How To Find A Doula
Finding A Doula Has Become The Most Important Step In My Pregnancy Journey
I first learned about doulas four years ago. A dear friend had a traumatic labor experience that resulted in a panic attack and emergency cesarean. Though she was in a hospital surrounded by supportive family and medical professionals, she wishes she would have had someone to help her feel more empowered during labor.
After hearing about my friend’s experience, I knew I would want a doula for my own pregnancy. Doulas, of all genders, offer support and guidance during pregnancy. They help navigate the often confusing medical industry, offer empowerment tools to ease pain and discomfort during labor (like breathing exercises, affirmations, and essential oils), and act as a guide through the entire process.
Sure enough, now that I am six months pregnant, finding my doula has been the most important part of my journey. She helps me feel less alone as I coordinate doctor’s appointments and prepare my birth plan. And I know she will be there during labor to look me in the eyes and say, “You’ve got this.”
However, finding a doula was not simple or easy. My husband and I put a lot of thought into the search and interview process, as I wanted to find someone I could connect with deeply, as well as someone who could connect with my husband and be a support system for him. It took a lot of searching and five interviews, but we found our birth companion, and we’re so grateful to have her help and support for this new season of life.
Here is how we approached our search, and I hope these tips can help you, too.
Begin Your Research & Rely On Recommendations
Most doulas will want to begin working with you when you’re about 16-20 weeks pregnant, so I recommend beginning your search during your first trimester. Use Google to search for doulas in your area, as it’s most helpful to work with someone nearby for prenatal appointments and support. You can also check with your hospital, birthing center, or Facebook parenting groups. DONA International, the doula training and education platform, has a great search engine, too.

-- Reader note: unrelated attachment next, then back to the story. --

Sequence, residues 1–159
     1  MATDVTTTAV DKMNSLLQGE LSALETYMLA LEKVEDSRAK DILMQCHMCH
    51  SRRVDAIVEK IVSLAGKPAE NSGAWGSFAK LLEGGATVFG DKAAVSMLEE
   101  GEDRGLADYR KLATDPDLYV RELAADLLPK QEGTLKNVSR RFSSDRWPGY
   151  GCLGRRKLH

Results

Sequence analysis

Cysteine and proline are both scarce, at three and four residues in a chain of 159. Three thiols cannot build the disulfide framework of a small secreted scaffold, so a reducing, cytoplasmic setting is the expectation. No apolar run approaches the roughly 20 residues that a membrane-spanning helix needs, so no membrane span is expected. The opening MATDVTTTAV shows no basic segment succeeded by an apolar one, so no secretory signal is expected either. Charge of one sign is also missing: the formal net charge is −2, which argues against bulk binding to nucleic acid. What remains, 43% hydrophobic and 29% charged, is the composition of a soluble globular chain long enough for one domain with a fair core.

Once you’ve found a few potential doulas, begin scheduling interviews. Most doulas have a “meet and greet” tab on their website so you can chat and get to know each other. When doing initial outreach, it’s helpful to be upfront about your due date so potential doulas can let you know right away if they are available or not. If they are unavailable, ask if they can cast a net to their doula network—this is how we found our doula!
Create A List Of Needs, Wants, & Interview Questions
Now you’re ready for the fun part. Before your first interview, sit with your partner and create a list of questions you want to ask potential doulas. You’ll also want to create a list of wants, needs, and non-negotiables. You and your partner can then revisit this list and compare notes after each interview. Think about things that feel important to you in working with your doula throughout pregnancy. For example, how much experience do they have? How many births have they attended? What are their certifications?
My husband and I used this helpful guide from DONA International. Here are a few of the questions we asked:
Where are you located? Will you be able to come to our house for prenatal visits and when I go into labor?
What does a prenatal appointment look like with you?